Guest Post: A review of the XHDATA D-328 portable radio

Many thanks to SWLing Post contributor, Aaron Kuhn, who shares the following guest post:

XHDATA D-328 Radio Review

by Aaron Kuhn

Disclosure: This radio was supplied at a 99% discount by the manufacturer, costing me only $0.15.

About Me

I live in the Philadelphia Suburbs, where there’s ample FM Stations, good AM Coverage, and also a lot of noise when it comes to Shortwave. I’m mostly an AM/FM listener, who occasionally likes to dabble in Shortwave. My idea of a good radio is something I can turn on, put up the antenna, and it just works.

Initial Impressions

The Radio is boxed simply enough in a cardboard box, with a small amount of bubble wrap inside, manual, Mini-USB Cable. The Lithium-Ion Battery comes pre-installed.

Operation of the radio is mostly straight-forward, and I doubt you’ll need the manual for anything. The manual itself contains your normal badly-translated English phrases and doesn’t make sense in a lot of places (did you know this radio uses high quality PU edge big size?)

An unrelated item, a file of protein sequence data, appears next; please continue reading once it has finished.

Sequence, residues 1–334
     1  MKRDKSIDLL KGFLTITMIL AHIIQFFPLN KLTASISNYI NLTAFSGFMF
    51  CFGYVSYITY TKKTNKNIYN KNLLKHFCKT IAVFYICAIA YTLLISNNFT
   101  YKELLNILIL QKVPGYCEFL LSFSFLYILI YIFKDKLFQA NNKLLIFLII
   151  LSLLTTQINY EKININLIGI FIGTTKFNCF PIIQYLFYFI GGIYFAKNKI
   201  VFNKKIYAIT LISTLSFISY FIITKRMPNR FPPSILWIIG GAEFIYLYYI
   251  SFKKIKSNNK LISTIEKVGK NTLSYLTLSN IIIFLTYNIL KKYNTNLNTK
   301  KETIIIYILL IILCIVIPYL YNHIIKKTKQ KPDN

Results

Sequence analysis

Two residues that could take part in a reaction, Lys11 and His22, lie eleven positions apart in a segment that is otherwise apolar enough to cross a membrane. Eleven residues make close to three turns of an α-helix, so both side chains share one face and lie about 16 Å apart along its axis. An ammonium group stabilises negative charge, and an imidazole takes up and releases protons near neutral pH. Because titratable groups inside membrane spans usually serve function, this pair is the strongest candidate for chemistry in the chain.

Two curious notes about the manual:

  1. It mentions you should remove the “18650 Lithium Ion Battery”, but this radio doesn’t use an 18650 battery. Instead, this radio uses a “BL-5C” Battery, which based on my research looks like it was pretty common on Nokia phones around 2004.
  2. Someone took white-out to the manual where it says “Set the function switch to the “MP3” position and insert the USB Stick or TF Card, with “USB stick” covered in white out.

The radio itself is made of a slippery, glossy plastic that doesn’t inspire confidence, but also seems to have enough structural stability it doesn’t worry me. I’d guess this radio could take a moderate drop and bounce and be OK, but it’d probably crack if dropped from above waist level.